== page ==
Your best resource for working out distances and travel times is always going to be a map. Now, if you’re writing something set in London, you might want to use something like the Google Maps Regency Overlay, from which you can quickly figure out, for example, that it’s only about 200 metres from White’s Gentlemen’s Club to Hatchard’s bookshop, an easy walking distance. Honestly, almost everywhere the fashionable set might have wanted to go in Regency London is easy walking distance… but who would have walked? Gentlemen very probably would have, unless the weather was absolutely foul. Ladies? It depends on the circumstances, the time of day, whether they had a maid or companion with them… something else you need to consider.
For longer distances, between towns, you don’t need a historical map. Google Maps will do the job perfectly. Towns in the UK haven’t been relocated in the last 200 years. They’ve grown, yes, but a good rule of thumb is to measure the distances between the main post offices in different towns – the post offices are almost always right smack in the town centre! Stick to a rule of thumb that a carriage without a change of horses could probably max out at 25 miles per day and someone with Darcy’s resources could cover maybe as much as 80 (significantly less in bad weather and steep terrain) and you’ll avoid making too many geographical howlers.
True story: I read a historical romance (not JAFF) not too long ago by someone who will remain nameless but is Extremely Famous, who had a couple travelling by carriage from Essex (a county slightly east and north of London) to Gretna Green with a single overnight stop. 280 plus miles is a long day trip in a car or by train; by carriage it would have been many, many days, especially if the couple left on impulse and weren’t able to arrange changes of horses. It would actually be far quicker to head for the coast, hire a boat and sail up the east coast of the UK to get to Scotland that way, something I almost never see done in Regency romances but makes a lot more sense than taking a carriage all the way from London… which was a major port, after all. Much less chance of being intercepted, as well, something to bear in mind if you’re ever planning on writing a Scottish elopement! It’s almost 400 miles from Ramsgate to Gretna Green; the expense of travelling so far by carriage would be considerable. I’m quite sure Wickham would have arranged a boat to take him and Georgiana to Scotland instead, and even if Darcy had arrived within hours of their departure, interception would have been impossible. (There’s another story idea…)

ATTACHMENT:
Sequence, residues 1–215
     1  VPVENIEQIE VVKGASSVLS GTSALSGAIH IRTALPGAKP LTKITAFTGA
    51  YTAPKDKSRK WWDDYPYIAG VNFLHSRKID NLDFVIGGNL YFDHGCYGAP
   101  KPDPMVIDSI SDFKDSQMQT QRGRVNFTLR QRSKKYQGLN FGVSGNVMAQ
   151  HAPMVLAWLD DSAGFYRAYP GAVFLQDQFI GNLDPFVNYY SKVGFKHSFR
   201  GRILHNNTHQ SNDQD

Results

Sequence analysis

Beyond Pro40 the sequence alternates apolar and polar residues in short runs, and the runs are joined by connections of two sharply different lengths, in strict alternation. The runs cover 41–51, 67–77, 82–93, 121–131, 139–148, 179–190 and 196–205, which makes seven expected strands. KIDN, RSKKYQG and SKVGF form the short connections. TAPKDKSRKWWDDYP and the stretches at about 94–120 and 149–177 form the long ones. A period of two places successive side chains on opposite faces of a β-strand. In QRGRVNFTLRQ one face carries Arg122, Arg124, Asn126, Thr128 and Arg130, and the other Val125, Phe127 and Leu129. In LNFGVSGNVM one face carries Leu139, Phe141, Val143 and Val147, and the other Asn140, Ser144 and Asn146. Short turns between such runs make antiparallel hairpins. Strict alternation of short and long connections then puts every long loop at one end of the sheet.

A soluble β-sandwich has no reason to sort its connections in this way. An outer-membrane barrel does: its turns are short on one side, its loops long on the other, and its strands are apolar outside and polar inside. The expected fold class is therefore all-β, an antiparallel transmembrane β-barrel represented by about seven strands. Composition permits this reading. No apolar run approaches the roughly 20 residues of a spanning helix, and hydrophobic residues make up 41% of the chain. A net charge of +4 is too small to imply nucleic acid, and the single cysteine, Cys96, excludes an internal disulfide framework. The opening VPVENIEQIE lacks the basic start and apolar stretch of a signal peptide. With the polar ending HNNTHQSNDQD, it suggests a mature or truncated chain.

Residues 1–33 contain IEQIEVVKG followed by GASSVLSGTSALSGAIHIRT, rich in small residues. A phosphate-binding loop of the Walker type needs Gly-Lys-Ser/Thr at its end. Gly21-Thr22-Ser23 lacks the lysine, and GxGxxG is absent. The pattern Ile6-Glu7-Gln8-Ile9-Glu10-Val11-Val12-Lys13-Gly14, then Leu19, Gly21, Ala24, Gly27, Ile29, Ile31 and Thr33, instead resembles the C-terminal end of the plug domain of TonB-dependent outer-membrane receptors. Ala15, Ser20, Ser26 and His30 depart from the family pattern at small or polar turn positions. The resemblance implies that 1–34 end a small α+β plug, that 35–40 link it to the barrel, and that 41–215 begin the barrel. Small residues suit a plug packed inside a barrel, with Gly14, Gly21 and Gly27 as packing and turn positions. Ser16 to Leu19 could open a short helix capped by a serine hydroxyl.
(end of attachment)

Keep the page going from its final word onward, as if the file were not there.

Don’t forget… maps are your friend when it comes to getting history right!